Sunday, March 23, 2008

Wall St. Begs for a bailout

The bailout chatter continues and seems to be the new battle cry from Wall St. Bloomberg ran another piece on this tonight quoting some of the biggest names on Wall St. It seems that the sentiment of the street has gone from "We need more Fed rate cuts!" to "Bail us out! We see no other alternative that works!".

Some of the quotes from Bill Gross and others from the article:

"The only tool left may be for the Fed to help facilitate a Resolution Trust Corp.-type agency that would buy bonds backed by home loans, said Bill Gross, manager of the world's biggest bond fund at Pacific Investment Management Co. While purchasing the some of the $6 trillion mortgage securities outstanding would take problem debt off the balance sheets of banks and alleviate the cause of the credit crunch, it would put taxpayers at risk.

``An RTC-type structure is interesting, and it may not be that much of a burden on taxpayers in the long run,'' said Barr Segal, a managing director at Los Angeles-based TCW Group Inc. who helps oversee $80 billion in fixed-income assets. The government should purchase the mortgages and reissue ``debt that's backed by the U.S. government and there you go, you've unclogged the drain,'' he said."

A March 13 proposal by Senator Christopher Dodd and Congressman Barney Frank that the Federal Housing Administration insure refinanced mortgages after lenders reduce the loan principal to make payments more affordable to homeowners ``is the next step,'' Senator Charles Schumer, a New York Democrat, said in a Bloomberg Television interview on March 19. It's a ``broader step, but not as broad as RTC,'' he said.

Pimco's Gross that's not enough. ``If Washington gets off its high `moral hazard' horse and moves to support housing prices, investors will return in a rush,'' he wrote in a note to investors published Feb. 26. Gross, who runs the $122 billion Total Return Fund from Newport Beach, California, didn't return calls seeking additional comment.

A few observations:

The problem we have here is this is a 6 trillion dollar problem. Wall St. wants only the bad assets bought. Well as prime loans and Alt-A loans continue to fail, who is to say that all $6 trillion of these mortgage securities will not end up being in trouble? Having the government buying this garbage is a huge risk to taxpayers if this bubble pops as badly as I expect it to.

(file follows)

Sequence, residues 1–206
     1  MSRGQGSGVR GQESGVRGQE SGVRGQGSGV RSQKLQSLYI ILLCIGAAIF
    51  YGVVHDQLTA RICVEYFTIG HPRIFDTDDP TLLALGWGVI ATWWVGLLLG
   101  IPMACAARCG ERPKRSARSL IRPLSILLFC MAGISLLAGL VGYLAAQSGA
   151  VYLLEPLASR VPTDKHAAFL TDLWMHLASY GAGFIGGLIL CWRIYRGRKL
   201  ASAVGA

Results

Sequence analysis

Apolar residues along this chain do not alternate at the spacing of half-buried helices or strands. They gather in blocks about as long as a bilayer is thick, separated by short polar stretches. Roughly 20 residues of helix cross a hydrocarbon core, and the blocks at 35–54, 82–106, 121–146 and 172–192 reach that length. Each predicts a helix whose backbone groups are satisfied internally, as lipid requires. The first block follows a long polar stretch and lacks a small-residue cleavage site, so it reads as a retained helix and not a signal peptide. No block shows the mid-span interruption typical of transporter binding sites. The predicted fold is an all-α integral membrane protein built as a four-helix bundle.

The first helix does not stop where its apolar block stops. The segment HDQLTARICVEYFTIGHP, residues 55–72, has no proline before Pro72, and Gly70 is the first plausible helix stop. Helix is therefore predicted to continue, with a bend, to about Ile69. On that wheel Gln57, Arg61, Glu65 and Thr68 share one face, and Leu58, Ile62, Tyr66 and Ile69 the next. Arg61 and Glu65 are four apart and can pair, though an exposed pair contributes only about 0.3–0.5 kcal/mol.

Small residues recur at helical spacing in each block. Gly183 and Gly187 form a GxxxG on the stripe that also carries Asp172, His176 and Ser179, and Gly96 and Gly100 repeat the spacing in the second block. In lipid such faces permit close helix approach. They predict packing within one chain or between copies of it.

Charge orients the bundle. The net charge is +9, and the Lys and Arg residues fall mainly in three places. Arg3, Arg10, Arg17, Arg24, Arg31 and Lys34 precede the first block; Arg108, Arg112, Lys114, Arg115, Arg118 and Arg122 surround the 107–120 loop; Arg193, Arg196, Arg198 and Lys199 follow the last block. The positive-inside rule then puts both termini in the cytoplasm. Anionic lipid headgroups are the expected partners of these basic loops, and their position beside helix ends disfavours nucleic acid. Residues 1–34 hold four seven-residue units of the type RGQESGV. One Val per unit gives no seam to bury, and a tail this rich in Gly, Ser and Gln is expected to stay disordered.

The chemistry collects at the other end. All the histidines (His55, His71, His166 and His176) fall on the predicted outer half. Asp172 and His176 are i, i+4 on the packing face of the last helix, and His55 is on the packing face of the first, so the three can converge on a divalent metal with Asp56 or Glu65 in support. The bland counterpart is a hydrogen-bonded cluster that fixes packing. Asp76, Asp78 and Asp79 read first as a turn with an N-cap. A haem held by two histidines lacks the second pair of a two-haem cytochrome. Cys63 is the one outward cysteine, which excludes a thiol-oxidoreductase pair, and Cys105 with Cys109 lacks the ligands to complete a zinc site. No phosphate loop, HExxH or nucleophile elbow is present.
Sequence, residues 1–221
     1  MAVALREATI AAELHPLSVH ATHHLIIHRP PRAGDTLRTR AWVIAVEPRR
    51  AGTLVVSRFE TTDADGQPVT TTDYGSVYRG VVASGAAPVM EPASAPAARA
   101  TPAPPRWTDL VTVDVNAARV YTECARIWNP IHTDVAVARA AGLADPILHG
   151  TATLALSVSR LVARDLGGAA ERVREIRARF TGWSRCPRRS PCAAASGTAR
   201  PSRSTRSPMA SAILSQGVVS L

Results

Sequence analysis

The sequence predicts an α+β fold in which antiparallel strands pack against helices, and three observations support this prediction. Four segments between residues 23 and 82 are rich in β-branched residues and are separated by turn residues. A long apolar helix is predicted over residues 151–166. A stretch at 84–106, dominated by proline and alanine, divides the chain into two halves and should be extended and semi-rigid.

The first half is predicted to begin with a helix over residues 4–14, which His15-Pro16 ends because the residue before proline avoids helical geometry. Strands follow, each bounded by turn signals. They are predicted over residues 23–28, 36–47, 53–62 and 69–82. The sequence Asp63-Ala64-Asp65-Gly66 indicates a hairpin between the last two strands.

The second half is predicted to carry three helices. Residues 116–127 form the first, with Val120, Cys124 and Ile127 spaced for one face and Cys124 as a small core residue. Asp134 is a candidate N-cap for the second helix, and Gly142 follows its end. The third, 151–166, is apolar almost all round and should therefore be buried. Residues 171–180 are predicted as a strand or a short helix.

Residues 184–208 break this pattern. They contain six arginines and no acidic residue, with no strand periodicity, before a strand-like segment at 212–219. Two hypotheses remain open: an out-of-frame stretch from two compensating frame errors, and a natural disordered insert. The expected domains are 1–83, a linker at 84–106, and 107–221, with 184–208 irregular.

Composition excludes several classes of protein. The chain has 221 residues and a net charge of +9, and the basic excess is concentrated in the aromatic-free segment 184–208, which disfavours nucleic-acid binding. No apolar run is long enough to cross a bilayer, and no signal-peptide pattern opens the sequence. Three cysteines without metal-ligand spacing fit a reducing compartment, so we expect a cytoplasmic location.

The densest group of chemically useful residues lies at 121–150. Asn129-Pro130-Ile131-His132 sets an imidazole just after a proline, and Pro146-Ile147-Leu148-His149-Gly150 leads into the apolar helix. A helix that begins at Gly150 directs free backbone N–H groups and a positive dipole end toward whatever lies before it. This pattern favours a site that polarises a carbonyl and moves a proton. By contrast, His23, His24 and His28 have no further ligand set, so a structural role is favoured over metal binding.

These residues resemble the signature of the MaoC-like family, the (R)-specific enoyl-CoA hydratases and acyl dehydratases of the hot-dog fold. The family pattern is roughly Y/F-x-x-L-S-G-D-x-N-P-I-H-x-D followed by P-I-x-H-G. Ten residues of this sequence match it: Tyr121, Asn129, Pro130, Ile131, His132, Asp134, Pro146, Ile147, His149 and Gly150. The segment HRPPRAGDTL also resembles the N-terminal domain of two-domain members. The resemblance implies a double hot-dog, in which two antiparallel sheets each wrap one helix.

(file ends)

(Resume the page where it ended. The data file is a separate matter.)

The second question I raise is can the government even afford to do this in the first place? I say there is no way when the Fed has $800 billion in reserves which is now down to $500 billion after spending $300 billion trying to clean up this mess.

My final point is highlighted in the last paragraph. Bill Gross makes the statement that investors will be back in a rush if Washington supports housing prices. I say bull****. Why would all of these investors rush back into housing whem many of these speculators got burned BADLY? Where are the families that are going be able to afford houses at these insanely unaffordable prices?? Who are all of these investors that will be beating down the door to get back into flipping??

Bill Gross is one smart cookie and it seems more and more apparent that the great minds on Wall St. are trying to get bailed out in order to save their own asses versus trying to fix the problems of the financial system. Having Washington buy this debt helps Wall St. not the average American. Its obvious to me that Wall St. now realizes they can't fix this problem through rate cuts. They got in too deep and they are now trying to play the bailout card.

I love how quickly they try to dismiss senator Dodds proposal of lowering the loan amount to an affordable level. God forbid Wall St. takes a loss on a loan.

If you want to fix this crisis its pretty simple. Leave it alone and let the free market work it out on its own. Use the resources of the Fed to keep the markets orderly as the system resets. The companies that took too many risks will go under and the strong ones like JP Morgan will pick up the pieces. We then go into a prolonged recession where equites will fall back and we will lick our wounds and then start a new business cycle built on trust and transparency. The market will then start moving higher. Its time for Wall St. to be taught a lesson and I hope the government gets out of bailout mode. We will see how this plays out.


Anonymous said...

Amen! Let the ones that floated this toxic crap take the loss on it! A Government bailout would probably total kill Main Street USA, while Wall Street would take their ill gotten gains and invest them in commodities and overseas, which would just further exacerbate the problems on Main Street.

Jeff said...


I totally agree. This bailout would freeze the whole financial system and Wall St. gets to keep their fortunes.

they created this fraudulent housing ponzi scam and they should take the losses on it!!

Anonymous said...

Couldn't agree more! If left alone, the market will correct the bloated house prices; in fact, it's already in the process of doing so. And the mortgage industry will correct itself, as long as it isn't given a free pass.

Jeff said...

anon 9:25

It should be interesting to see the Case/Shiller index thats released on tues. to see what happened to housing prices in Jan.

Hopefully the gov't will stay out of this but history shows they love to be involved. I agree though let the markets fix themselves.